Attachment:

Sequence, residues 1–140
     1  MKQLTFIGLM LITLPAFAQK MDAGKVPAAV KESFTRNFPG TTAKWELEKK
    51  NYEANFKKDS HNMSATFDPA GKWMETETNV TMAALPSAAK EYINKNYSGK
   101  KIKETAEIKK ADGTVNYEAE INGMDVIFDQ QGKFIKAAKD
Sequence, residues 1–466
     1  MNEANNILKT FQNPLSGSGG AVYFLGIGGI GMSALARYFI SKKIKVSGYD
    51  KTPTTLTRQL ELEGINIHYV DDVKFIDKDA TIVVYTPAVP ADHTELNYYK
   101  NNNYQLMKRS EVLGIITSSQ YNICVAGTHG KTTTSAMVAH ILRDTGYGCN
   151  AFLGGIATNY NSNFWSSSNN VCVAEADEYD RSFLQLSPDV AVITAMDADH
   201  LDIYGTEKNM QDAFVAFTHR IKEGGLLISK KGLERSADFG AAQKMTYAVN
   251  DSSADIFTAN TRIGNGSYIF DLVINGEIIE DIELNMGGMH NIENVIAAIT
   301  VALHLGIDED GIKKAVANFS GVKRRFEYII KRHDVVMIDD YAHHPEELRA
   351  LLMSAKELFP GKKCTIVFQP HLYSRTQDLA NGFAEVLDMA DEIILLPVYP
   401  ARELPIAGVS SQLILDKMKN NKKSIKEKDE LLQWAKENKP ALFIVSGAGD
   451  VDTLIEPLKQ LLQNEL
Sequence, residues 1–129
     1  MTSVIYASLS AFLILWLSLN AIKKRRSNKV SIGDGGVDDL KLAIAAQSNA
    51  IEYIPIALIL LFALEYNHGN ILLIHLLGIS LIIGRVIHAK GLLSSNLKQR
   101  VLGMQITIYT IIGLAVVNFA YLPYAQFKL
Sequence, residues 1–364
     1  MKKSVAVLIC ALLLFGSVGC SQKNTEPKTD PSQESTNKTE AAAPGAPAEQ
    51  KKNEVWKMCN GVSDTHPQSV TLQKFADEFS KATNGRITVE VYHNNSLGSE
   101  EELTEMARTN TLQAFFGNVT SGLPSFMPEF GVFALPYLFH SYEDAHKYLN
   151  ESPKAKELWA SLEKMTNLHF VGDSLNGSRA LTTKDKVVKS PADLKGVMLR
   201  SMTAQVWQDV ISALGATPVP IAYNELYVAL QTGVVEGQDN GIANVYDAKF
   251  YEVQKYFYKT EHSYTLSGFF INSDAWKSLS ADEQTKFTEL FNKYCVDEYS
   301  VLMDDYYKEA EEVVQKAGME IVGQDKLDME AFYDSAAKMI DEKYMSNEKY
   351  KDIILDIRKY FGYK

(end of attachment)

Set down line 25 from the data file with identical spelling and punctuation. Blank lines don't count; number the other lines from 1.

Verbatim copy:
   201  SMTAQVWQDV ISALGATPVP IAYNELYVAL QTGVVEGQDN GIANVYDAKF